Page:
Friday, February 8, 2013

No action? Why commission?

State objects but court allows petition on joke arrest


Calcutta, Feb. 7: The chief justice of Calcutta High Court today overruled the Bengal government’s objections and allowed a petition demanding action against police officers who had arrested a Jadavpur University professor for circulating an Internet joke that featured the chief minister.

The petition asked why the government had failed to act on the state human rights commission’s recommendations suggesting payment of damages to Ambikesh Mahapatra and his septuagenarian neighbour besides action against the police officers.

Chief Justice A.K. Mishra told a government pleader: “If the recommendations are not to be obeyed by the state government, what is the commission there for?”

“You file a fresh petition,” Chief Justice Mishra told Bikash Ranjan Bhattacharyya, senior advocate and former Calcutta mayor.

The chief justice’s statement came after the government pleader contended that a human rights commission’s recommendations could not be binding on the state government.

“State governments are not bound to implement the human rights commission’s recommendations. It is the discretion of the government whether it will implement the recommendations or not,” additional government pleader Tapan Mukherjee said.

But the division bench of Chief Justice Mishra and Justice Jaymalya Bagchi demurred.

“This is not acceptable,” the chief justice said. “In other states, the government treats the human rights commission’s recommendations with respect. Can you cite another instance where a man has had to move the high court because the state government has refused to obey the commission’s recommendations?”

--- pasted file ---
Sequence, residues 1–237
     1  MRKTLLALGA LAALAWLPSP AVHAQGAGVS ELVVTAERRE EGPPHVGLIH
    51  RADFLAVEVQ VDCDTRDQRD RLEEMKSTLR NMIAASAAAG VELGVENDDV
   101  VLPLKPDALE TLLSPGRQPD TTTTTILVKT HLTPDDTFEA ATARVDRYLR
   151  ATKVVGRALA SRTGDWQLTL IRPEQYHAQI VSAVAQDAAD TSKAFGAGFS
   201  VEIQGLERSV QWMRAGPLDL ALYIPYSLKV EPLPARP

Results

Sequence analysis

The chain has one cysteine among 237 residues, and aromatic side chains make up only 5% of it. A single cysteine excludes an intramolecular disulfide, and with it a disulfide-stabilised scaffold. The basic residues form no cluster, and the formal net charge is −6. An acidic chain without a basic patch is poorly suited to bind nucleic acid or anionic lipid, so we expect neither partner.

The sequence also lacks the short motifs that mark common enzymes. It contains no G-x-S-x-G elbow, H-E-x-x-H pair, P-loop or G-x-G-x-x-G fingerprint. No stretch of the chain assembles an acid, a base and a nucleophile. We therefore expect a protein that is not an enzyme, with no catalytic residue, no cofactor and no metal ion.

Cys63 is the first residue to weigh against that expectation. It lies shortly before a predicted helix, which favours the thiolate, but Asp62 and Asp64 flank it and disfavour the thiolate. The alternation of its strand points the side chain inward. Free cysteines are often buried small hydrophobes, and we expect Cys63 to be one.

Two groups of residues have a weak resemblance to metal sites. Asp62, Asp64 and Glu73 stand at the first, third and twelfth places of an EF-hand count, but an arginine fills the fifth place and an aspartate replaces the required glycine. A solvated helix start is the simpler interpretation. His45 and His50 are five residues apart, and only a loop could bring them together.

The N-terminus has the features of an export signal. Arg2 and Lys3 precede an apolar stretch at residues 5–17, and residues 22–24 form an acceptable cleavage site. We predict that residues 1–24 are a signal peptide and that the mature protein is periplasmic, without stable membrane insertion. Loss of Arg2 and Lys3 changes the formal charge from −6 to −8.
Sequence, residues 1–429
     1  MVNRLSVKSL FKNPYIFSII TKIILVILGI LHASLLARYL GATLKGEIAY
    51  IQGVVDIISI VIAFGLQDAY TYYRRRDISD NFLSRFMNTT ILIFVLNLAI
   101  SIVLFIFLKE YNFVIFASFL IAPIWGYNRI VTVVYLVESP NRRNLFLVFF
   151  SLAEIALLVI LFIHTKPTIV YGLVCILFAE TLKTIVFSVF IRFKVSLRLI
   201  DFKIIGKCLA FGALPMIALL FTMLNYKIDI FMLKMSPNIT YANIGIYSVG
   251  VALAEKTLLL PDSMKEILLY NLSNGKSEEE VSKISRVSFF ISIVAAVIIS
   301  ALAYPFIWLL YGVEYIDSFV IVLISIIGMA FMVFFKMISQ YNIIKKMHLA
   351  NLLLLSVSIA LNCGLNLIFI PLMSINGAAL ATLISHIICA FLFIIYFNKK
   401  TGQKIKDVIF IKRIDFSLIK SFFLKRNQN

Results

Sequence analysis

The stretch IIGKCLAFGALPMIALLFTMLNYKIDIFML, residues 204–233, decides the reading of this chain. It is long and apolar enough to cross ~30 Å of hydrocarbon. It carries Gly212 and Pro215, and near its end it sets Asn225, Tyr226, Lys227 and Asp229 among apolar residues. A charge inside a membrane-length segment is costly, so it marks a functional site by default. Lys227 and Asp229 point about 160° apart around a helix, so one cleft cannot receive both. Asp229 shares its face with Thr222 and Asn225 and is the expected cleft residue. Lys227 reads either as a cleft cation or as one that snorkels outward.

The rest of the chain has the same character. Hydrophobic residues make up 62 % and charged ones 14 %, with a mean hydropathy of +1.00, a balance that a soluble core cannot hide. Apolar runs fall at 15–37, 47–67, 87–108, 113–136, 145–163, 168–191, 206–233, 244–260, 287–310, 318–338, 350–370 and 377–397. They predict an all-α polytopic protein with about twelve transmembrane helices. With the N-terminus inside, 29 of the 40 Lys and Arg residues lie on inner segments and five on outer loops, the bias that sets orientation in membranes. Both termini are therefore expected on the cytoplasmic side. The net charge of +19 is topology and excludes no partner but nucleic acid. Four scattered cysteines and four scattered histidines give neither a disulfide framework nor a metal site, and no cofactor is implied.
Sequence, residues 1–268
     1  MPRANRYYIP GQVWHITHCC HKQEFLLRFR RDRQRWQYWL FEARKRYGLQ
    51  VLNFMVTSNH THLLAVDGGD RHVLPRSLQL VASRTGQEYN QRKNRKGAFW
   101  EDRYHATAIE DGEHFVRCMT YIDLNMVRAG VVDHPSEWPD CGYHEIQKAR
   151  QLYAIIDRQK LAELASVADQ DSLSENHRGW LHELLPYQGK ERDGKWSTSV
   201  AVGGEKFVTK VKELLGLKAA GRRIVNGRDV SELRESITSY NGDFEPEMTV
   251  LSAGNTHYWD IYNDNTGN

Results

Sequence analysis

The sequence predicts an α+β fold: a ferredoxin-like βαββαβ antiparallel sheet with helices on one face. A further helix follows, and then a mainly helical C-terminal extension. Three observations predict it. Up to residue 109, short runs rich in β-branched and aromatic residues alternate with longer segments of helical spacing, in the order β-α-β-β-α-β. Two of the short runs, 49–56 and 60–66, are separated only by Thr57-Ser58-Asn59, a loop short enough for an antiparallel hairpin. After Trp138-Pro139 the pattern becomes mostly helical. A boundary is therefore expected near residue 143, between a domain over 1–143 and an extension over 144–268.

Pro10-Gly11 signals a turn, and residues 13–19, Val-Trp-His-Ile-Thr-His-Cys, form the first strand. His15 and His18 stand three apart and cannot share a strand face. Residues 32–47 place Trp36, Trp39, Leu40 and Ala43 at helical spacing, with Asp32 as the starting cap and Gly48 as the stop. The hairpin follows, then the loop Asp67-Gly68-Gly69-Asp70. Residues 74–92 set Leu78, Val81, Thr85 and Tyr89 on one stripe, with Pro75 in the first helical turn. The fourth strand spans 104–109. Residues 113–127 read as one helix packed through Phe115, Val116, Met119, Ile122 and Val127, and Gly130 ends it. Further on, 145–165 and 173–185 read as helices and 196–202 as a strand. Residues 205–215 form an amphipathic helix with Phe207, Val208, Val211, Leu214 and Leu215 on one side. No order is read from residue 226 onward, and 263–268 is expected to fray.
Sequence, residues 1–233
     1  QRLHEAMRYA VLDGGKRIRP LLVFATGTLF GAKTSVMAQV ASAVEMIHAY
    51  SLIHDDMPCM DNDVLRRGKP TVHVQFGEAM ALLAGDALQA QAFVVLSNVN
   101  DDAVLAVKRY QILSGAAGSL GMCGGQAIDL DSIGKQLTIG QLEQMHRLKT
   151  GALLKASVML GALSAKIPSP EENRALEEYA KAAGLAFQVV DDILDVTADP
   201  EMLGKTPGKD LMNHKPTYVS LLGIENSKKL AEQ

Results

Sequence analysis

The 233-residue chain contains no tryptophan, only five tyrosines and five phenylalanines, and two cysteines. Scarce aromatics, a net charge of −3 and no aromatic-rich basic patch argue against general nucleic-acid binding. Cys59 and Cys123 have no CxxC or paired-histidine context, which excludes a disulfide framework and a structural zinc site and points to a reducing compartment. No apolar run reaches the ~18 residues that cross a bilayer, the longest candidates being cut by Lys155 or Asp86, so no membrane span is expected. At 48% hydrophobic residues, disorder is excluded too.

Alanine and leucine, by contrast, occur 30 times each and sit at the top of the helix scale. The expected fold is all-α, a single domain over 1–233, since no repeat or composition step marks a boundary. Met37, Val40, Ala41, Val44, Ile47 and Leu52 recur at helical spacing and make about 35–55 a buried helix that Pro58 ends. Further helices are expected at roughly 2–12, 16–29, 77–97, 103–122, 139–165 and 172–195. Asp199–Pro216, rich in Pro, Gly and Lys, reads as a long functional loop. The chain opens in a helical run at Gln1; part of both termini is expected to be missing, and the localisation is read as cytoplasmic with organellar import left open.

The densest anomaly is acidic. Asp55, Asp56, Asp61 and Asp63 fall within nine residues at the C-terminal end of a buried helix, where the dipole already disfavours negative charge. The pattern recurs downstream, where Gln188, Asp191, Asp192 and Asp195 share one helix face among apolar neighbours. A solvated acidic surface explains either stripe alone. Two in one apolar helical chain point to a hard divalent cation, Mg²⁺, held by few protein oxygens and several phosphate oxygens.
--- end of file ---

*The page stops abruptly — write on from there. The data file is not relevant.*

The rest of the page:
The government lawyer looked stunned.

Although the state human rights commission is headed by retired Supreme Court judge Ashok Kumar Ganguly, who was picked by chief minister Mamata Banerjee, the government had refused to act on the recommendations. A day after the commission issued its recommendations in August last year, Mamata had referred to Justice Ganguly as “a very good person” but added that he “doesn’t know what is his jurisdiction, his authority”.

Former mayor Bhattacharyya had withdrawn a public interest litigation (PIL) after the state human rights commission recommended departmental proceedings against the police personnel who had picked up the teacher and his neighbour around midnight. The commission’s recommendation in August last year also proposed Rs 50,000 each as damages to Mahapatra and Subrata Sengupta, a 72-year-old engineer.

Initially, the police charged Mahapatra under Section 66A of the IT Act (sending false and offensive messages through electronic communication devices) and Section 500 of the IPC (defamation). But in the chargesheet, the defamation charge was dropped and only the one under the IT Act was retained. The court has yet to frame the charges.

On August 13, the rights commission issued a suo motu order asking the state to compensate the professor and his neighbour and initiate action against Milan Kumar Das, the additional officer in charge of East Jadavpur police station, and sub-inspector Sanjay Biswas, who had gone to the housing complex to arrest the two following a phone call by a local Trinamul leader.

Bhattacharyya’s earlier PIL became infructuous after the commission ordered action against the police personnel. He wanted to file a fresh appeal today demanding action against the accused policemen.

“You don’t need a human rights commission if the state doesn’t pay heed to it. It is a mockery of democracy that the state sets up a commission and then reduces it to a redundant institution,” a retired high court justice had earlier told this newspaper

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